Elizabeth Evitts 

I would like to dispel any notion that I am seeing the country while I work this tour.  That’s like the Army propagandizing that you will see the world while serving your country. I see very little of the cities I work in. I spend the bulk of my time buried in the concrete bunkers of the venues. The worst of which is the Forum in Los Angeles. The building is like a coiled concrete snake; it swallows you into its belly and hacks out your stripped carcass when it’s finished. I spent hours lost in the bowels of that decrepit building wondering whether worker’s comp would cover the lung cancer I would eventually develop from the exposed asbestos pipes. On this tour we have several shows in a row, so I sometimes go for days without seeing daylight. When I finally surface for a day off, I’m like a mole coming out of its hole, squinting at that strange yellow orb in the sky.

Days off mean hotels, and hotels are a luxury, but touring has its own set of rules and regulations. The No. 1 rule is you can never be late to the bus the day after spending a night in a hotel. If you’re late, you get oil spotted—that’s when the bus leaves you behind. I almost fell victim to the oil spot yesterday. I slept through my alarm and never received my wake-up call from the front desk. I woke to the hotel phone ringing with my boss on the other end telling me I had 30 seconds to make it to the bus. That’s when I remembered tour rule No. 2: Always pack your suitcase the night before. My clothes were strewn everywhere. I threw what I could into my bag, accidentally jettisoning my toothbrush and makeup bag in the toilet. When I finally made it to the bus, breathless and harried, I made the mistake of bringing my bags into the front lounge instead of stashing them in the bays underneath.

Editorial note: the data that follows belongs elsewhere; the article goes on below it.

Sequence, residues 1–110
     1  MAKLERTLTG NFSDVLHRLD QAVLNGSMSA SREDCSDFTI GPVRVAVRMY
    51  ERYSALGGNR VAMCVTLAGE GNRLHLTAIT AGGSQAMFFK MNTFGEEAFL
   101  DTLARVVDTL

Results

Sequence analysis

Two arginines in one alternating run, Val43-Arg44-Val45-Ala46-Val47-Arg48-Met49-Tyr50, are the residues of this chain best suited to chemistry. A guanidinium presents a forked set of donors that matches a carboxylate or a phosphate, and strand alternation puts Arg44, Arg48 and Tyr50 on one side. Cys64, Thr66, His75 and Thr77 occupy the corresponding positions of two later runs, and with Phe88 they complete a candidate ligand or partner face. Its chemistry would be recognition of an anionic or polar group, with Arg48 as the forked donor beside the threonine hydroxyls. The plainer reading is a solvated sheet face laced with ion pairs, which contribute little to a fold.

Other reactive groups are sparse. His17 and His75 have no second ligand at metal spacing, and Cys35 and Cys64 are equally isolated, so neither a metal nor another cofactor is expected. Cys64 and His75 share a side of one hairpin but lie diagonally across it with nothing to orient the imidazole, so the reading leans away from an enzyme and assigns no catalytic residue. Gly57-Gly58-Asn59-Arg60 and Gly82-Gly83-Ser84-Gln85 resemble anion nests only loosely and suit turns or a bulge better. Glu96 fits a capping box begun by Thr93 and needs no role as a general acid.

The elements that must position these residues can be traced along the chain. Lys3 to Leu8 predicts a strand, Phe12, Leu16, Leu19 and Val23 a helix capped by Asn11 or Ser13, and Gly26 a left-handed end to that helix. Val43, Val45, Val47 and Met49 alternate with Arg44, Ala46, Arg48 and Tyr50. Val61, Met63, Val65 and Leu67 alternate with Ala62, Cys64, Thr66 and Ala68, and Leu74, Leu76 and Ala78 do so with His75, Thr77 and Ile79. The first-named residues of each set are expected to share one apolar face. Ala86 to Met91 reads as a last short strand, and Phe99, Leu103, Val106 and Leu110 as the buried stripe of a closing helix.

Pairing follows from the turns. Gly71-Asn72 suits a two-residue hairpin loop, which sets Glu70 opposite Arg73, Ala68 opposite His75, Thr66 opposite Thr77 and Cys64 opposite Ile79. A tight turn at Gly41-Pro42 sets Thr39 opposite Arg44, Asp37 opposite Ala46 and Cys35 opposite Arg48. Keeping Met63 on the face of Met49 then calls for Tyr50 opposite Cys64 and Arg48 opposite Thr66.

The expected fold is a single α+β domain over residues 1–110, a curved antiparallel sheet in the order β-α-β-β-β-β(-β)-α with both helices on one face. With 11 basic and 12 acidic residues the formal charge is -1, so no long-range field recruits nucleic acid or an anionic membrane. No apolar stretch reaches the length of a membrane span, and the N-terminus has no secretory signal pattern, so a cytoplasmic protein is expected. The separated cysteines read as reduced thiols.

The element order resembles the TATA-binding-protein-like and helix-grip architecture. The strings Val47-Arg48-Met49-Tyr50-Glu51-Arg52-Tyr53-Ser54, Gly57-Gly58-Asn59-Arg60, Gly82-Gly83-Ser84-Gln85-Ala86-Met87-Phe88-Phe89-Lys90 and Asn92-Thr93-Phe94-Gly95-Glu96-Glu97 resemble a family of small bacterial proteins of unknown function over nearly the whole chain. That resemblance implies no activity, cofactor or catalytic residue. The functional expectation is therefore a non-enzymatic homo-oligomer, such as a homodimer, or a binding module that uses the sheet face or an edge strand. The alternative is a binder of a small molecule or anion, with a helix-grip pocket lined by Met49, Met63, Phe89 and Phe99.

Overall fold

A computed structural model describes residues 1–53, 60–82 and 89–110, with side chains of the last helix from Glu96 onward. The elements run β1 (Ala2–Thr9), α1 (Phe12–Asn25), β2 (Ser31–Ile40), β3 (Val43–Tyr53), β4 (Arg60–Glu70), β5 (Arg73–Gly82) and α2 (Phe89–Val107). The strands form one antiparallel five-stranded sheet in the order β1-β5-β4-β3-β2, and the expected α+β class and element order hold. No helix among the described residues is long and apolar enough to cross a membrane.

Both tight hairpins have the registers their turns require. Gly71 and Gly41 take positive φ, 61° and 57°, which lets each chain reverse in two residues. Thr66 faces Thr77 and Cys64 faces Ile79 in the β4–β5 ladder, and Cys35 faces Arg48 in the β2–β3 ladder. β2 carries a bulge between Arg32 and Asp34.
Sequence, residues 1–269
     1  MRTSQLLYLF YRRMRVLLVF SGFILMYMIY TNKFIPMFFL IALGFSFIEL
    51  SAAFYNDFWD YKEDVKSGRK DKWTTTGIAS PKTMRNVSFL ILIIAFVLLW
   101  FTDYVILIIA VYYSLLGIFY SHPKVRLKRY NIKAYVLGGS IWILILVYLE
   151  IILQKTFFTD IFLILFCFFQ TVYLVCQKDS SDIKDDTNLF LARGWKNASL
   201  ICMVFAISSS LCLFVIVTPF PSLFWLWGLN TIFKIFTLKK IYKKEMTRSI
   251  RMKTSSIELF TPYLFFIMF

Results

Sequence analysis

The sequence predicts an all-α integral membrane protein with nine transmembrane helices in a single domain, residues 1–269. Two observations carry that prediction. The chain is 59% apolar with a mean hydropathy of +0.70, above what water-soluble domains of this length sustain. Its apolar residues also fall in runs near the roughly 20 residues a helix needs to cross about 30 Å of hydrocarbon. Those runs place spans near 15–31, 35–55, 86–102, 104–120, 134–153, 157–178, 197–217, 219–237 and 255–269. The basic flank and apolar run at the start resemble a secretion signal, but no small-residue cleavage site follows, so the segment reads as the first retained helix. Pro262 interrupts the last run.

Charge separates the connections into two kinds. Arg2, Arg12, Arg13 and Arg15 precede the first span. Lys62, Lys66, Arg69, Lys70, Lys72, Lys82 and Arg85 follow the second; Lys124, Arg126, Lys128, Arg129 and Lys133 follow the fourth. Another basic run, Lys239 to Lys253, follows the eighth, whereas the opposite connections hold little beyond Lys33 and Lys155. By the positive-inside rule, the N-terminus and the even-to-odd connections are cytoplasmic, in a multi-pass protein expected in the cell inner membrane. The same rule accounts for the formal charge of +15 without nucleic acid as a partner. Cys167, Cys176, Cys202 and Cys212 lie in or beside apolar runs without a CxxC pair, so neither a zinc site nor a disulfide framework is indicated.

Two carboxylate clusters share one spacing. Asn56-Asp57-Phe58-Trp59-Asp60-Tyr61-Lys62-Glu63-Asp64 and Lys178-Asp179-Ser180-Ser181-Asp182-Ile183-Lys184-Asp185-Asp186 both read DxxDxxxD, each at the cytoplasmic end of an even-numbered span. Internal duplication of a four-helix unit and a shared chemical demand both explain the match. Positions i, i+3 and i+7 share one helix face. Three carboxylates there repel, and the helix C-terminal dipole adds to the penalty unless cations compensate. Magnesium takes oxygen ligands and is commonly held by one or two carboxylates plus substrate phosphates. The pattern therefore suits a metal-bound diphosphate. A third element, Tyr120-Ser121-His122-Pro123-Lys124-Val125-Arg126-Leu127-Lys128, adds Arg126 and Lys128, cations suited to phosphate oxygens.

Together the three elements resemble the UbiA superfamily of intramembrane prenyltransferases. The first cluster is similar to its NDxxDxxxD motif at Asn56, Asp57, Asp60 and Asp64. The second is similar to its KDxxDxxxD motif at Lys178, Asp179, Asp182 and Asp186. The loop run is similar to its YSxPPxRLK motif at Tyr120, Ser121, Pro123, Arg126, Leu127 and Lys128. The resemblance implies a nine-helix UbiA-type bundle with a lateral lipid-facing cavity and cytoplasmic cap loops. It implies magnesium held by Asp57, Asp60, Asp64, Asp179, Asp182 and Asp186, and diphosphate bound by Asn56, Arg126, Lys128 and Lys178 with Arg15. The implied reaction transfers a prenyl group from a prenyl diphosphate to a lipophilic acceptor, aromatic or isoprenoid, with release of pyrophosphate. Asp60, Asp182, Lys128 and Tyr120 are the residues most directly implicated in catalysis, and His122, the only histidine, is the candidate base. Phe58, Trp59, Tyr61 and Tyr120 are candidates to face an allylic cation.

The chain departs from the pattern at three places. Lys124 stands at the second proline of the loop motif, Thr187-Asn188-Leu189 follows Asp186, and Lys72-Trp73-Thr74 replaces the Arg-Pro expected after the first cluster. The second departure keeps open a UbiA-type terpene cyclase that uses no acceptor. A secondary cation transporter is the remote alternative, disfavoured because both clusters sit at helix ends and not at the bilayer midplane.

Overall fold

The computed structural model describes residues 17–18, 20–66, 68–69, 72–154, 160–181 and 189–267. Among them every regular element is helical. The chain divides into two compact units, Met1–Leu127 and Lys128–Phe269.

The bus has its own intricate set of regulations and diplomacy. Personal belongings must be contained. Anything left in the public domain of the bus lounge is open territory. The same rule applies to sleeping—if you fall asleep anywhere other than your bunk you risk the consequences. Passing out in the front lounge usually results in permanent marker to the face or a razor to the eyebrow. The most important rule is you can never use the toilet. Even though these buses are equipped with televisions, CD players, refrigerators, and full bathrooms, very few of these amenities function. Putting toilet paper into the commode of a tour bus clogs the pipes and backs the sewage up into the bays where the luggage is stored. The temperature on the bus is always up for debate. There are two camps when it comes to bus temperature—those who believe that temperatures under 40 degrees keep germs from spreading and those who love to crank the heat, lounge about in shorts, and pretend it’s a sauna. Bus fights inevitably ensue.

Tonight I am sitting in the front lounge of the bus after the show writing my entry, and the boys are eyeing me like vultures. They see my eyelids drooping. I think my co-worker Dean has a Sharpie marker in his hand. I better make it to my bunk before it’s too late.